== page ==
Your view is colored by the fact that you are using Fortran (I assume Fortran 77) where you have only two ways to access variables: (1) they are global variables in some COMMON block, or (2) they have been passed as arguments (typically scalar) to the current function.
Since 1977, this has been addressed in many ways in all more modern programming languages. An example is the use of structures in C/C++ (composite types or records in other languages) that allow you to group many variables into one and only pass a reference to one structure to a function as an argument. Or, more elegantly in most object oriented programming languages, to group things together in classes and then have a reference or pointer to such a class object passed implicitly to every member function. These techniques have made dealing with the problem you see unimportant and eliminate the incentive to use global variables.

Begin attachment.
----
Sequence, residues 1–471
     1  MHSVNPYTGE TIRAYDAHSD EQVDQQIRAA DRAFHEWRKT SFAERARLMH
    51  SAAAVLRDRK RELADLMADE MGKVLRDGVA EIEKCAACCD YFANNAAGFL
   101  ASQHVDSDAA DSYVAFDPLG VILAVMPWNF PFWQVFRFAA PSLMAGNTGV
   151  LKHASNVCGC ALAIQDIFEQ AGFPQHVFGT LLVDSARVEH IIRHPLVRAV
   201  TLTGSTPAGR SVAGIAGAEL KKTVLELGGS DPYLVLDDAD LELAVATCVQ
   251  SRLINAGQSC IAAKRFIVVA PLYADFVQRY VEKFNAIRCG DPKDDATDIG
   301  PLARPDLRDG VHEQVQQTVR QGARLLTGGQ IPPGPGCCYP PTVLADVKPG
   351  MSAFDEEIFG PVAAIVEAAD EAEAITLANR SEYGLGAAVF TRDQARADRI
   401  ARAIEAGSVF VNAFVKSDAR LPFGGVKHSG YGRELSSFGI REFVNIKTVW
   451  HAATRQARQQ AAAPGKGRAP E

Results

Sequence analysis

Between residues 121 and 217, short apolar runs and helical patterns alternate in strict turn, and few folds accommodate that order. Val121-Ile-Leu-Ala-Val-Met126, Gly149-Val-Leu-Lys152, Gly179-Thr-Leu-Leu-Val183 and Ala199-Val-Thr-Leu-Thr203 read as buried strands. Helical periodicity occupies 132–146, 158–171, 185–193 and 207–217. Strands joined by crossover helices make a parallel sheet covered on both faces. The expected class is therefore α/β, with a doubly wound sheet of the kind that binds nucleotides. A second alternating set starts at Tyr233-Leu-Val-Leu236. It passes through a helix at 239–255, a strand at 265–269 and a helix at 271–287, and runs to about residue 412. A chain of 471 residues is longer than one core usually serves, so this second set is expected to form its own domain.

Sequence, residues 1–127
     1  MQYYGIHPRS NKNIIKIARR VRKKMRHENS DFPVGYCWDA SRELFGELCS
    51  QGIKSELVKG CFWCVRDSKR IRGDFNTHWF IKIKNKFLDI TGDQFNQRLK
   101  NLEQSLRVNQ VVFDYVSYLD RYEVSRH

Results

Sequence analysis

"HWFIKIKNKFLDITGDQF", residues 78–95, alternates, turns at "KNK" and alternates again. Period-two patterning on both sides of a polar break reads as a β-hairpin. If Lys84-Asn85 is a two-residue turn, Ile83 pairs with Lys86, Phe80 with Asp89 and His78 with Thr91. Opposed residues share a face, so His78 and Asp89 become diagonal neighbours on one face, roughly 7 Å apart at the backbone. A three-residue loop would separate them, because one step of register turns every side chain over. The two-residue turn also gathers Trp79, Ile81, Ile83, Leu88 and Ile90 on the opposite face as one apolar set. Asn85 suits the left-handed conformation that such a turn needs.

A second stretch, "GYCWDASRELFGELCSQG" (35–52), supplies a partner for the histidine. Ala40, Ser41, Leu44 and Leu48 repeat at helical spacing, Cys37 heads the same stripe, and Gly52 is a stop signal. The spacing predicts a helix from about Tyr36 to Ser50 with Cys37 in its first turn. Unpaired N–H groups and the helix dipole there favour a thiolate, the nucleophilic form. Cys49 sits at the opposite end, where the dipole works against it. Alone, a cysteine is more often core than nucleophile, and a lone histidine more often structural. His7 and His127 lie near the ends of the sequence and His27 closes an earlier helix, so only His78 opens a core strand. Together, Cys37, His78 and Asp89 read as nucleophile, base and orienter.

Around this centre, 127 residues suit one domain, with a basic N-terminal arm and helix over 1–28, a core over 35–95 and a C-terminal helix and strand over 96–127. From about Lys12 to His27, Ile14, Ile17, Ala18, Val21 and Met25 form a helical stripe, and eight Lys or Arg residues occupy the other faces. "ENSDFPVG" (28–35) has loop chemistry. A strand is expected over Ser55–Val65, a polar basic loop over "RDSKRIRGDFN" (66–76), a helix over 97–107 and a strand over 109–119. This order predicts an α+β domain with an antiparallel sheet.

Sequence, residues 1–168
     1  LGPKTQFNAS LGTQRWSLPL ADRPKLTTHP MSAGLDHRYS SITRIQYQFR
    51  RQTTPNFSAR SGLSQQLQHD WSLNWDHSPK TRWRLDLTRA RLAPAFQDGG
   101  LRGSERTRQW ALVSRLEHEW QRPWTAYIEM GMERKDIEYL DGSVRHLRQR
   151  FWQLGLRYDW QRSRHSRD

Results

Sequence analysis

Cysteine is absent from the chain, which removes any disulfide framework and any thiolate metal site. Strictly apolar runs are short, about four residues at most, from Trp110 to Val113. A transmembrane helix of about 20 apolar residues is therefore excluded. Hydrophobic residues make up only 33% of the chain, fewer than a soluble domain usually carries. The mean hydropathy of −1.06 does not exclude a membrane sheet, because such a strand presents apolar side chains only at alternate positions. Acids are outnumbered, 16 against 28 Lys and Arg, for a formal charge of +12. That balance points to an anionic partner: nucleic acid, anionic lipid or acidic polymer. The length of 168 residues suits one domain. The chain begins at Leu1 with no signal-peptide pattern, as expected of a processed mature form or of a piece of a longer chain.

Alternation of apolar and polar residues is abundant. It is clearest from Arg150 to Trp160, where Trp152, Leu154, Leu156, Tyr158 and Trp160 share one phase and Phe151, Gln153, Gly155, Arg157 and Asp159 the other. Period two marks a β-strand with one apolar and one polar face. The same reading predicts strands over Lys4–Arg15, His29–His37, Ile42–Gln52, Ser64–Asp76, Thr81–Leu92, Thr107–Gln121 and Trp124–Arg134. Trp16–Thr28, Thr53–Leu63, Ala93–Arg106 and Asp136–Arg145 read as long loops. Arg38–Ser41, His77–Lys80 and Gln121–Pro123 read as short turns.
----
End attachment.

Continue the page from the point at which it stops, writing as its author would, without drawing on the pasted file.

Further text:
The reasons not to use global variables have already been given in other answers. My personal favorite among the reasons is that one of the best strategies for reducing the potential for bugs is to limit the scope of variables. A variable that lives only in a very small part of the program can not create trouble elsewhere. So my goal is often to declare any variable as late as possible and destroy it as early as possible, simply because that makes it so much easier to read and understand code. On the other hand, global variables violate this goal in the most egregious possible way.